There can be no exploitation, granted.  But sometimes I love the line when [the media] says there was 1000% mark-up on gloves. The gloves you get for Rs 5 is getting overcharged, but you have to see what is the hospital making overall. Maybe sometimes this is laziness. The mark-up should have been only 30%. But then you have to increase the bed rates. It’s dynamic pricing. You have to be careful about what is the final margin of the hospital.

The Ken: Do you think Ayushman Bharat will solve some of your problems?

Pai: My disappointment is that if the pricing in Ayushman Bharat was right, you’d have billions of dollars in investment coming in. Because you could go and put up hospitals in tier 2 or 3 towns. Today, hospitals may sign up with existing capacity but will they put up a new hospital based on Ayushman Bharat business? I don’t think so.

The Ken: I get your motivation for acquisitions. Investors need an exit; buy is better than build. But do the benefits of scale and the so-called efficiencies from mergers actually get transferred to patients? I think it’s mostly investors and investment bankers who gain.

Pai: The cost of healthcare does come down. At Manipal, we have the lowest cost of overheads, right from your administrative margins to consumables. When you have scale, you get great volume discounts in pharmaceuticals and consumables. Same with equipment purchase—10 CT scans versus 1 CT scan. In spite of the inflationary pressures on the input cost in hospitals, our end prices have not got up that much.

The Ken: Are you saying that despite 15-20% medical inflation, you haven’t increased your prices by 15-20%?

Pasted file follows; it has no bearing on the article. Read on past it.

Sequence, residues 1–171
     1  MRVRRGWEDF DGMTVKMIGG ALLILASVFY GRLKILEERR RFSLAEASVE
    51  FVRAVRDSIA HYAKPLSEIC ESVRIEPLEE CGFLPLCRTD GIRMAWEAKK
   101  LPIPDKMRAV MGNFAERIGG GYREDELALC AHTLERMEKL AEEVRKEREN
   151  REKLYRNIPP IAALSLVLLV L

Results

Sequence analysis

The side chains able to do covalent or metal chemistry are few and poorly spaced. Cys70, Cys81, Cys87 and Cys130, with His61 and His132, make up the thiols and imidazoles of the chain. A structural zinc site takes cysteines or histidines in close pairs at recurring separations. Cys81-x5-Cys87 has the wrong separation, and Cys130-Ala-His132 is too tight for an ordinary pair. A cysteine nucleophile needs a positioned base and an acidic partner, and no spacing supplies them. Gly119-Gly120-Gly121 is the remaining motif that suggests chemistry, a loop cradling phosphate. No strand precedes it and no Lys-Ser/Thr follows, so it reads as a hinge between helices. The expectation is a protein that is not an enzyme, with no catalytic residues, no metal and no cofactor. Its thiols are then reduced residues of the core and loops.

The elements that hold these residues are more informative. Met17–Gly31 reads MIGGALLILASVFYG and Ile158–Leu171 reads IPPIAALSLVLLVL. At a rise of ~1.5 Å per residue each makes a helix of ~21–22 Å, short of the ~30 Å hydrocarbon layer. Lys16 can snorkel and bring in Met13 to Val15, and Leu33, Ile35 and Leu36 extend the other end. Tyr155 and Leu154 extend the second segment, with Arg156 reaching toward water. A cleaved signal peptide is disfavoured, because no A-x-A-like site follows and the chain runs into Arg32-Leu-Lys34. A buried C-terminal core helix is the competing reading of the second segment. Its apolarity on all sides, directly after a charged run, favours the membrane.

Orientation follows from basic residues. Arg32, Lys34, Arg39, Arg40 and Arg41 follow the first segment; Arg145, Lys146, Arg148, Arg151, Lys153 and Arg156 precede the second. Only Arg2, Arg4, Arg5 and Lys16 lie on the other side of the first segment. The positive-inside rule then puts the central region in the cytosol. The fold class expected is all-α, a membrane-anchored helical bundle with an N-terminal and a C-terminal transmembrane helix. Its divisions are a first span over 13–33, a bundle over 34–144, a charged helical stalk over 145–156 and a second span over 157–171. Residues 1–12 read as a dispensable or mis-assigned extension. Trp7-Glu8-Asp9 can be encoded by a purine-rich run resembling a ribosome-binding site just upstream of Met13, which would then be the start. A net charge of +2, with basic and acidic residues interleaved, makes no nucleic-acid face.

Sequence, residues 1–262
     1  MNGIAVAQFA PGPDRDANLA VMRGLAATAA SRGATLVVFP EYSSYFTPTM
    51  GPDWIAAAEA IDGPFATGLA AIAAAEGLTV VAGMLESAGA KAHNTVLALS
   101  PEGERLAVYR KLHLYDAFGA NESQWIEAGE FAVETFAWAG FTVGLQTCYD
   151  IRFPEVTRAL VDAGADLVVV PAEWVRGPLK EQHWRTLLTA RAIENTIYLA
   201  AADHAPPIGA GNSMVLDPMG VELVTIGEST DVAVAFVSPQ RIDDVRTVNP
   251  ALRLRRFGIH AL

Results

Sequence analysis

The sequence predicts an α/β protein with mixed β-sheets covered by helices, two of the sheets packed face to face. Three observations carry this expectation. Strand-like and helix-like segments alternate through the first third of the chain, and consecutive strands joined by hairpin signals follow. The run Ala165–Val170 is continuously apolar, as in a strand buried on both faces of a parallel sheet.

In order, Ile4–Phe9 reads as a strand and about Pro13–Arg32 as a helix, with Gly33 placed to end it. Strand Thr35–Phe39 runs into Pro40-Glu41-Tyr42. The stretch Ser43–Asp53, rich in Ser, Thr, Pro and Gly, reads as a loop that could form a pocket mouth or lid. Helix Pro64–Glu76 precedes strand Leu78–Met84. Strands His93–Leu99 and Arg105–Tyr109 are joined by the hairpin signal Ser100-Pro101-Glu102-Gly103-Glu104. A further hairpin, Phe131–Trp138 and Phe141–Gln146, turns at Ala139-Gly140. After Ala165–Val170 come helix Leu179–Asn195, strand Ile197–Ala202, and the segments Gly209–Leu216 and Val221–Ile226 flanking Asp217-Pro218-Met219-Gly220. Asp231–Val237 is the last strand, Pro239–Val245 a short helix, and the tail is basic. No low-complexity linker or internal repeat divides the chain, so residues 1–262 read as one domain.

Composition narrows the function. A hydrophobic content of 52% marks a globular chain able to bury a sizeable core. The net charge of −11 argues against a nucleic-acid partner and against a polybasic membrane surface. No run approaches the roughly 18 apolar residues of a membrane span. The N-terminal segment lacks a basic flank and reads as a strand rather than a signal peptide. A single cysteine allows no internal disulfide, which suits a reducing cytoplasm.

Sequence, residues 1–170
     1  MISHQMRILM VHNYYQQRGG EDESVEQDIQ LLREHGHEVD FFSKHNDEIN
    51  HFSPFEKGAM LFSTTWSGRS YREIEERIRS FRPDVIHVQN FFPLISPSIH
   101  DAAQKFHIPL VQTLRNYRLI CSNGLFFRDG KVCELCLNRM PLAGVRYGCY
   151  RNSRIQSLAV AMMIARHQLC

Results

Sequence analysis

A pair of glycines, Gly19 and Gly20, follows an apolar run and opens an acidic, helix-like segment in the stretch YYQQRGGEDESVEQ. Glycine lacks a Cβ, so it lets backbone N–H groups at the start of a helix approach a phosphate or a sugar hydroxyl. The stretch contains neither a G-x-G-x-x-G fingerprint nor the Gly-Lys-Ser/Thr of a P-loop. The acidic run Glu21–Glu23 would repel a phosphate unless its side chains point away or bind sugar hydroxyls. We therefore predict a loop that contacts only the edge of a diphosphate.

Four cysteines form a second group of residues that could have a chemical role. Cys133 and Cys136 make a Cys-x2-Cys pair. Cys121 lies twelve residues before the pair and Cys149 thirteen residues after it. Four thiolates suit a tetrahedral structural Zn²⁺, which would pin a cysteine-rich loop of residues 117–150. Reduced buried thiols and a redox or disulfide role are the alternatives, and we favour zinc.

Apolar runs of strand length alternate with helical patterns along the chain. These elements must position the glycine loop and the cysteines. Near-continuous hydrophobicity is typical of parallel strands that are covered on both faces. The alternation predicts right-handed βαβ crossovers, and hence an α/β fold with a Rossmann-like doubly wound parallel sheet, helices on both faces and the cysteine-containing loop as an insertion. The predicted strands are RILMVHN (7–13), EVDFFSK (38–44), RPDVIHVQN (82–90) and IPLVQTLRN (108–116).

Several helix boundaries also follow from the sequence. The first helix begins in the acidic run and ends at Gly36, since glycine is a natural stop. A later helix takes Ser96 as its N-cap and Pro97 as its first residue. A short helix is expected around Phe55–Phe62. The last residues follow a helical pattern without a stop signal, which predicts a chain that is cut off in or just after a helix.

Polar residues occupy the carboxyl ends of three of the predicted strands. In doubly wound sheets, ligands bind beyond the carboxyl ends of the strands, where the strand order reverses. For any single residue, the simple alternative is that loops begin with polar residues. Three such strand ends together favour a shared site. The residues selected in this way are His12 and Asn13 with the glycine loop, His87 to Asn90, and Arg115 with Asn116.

Pai: Yes. We are trying to squeeze out efficiency. Sometimes these pressures are good because that’s only when you start thinking out of the box. Last year we didn’t do any price hike. Normally we do it every year, but we’ve avoided it for 2 years. Easiest thing to do is to raise prices but we are worried about volumes. About perception. Then the insurance companies are negotiating.

The Ken: You are getting into insurance yourself, with Cigna-TTK…

Pai: Which is why I see the challenges on both sides. There has to be something for both sides for the industry to survive. If you see Apollo, Fortis, NH, look at their profit after tax (PAT). It’s nothing great. You need to do more. Why do investors come to us? Because they see steady growth. But hospitals takes a long, long time to stabilise.

The Ken: Why did your profit nosedive in FY18? By 80%.

Pai: That’s because of depreciation. Our Ebitda growth has been steady. But our PAT numbers are down; we have financing costs. Otherwise we have consistently done well. Sometimes what we thought would take 1 year takes 3 years; a 12-18 month breakeven stretches to 24-36 months. Over the last 2-3 years, we have made mistakes and learnt. Teamwise, we make sure we have consistency in what we are saying and what we are doing. Last year, we achieved our budgets.

The Ken: Why is Ebitda everything in hospital business? Like, say, gross merchandise volume (GMV) in consumer internet.

Pai: (Laughs) I wish we could do GMV multiples. But we can’t. Healthcare is very asset intensive. You have either Ebitda or PAT. If neither, then you do revenue multiples. The large part of Ebitda is depreciation. The ‘D’ is real in healthcare,  because of the equipment. You change them every 5-6 years. Not like hospitality, where you refurbish the interiors every 5-7 years. Here, it’s that plus equipment. Because of which, every year we have large capex requirements. Once the hospital stabilises, you get decent margins. Ideally, the Return on Capital (ROC) should be in double-digits but usually, it is in single-digits. Increasingly, people will have to pay more attention to ROC in healthcare delivery.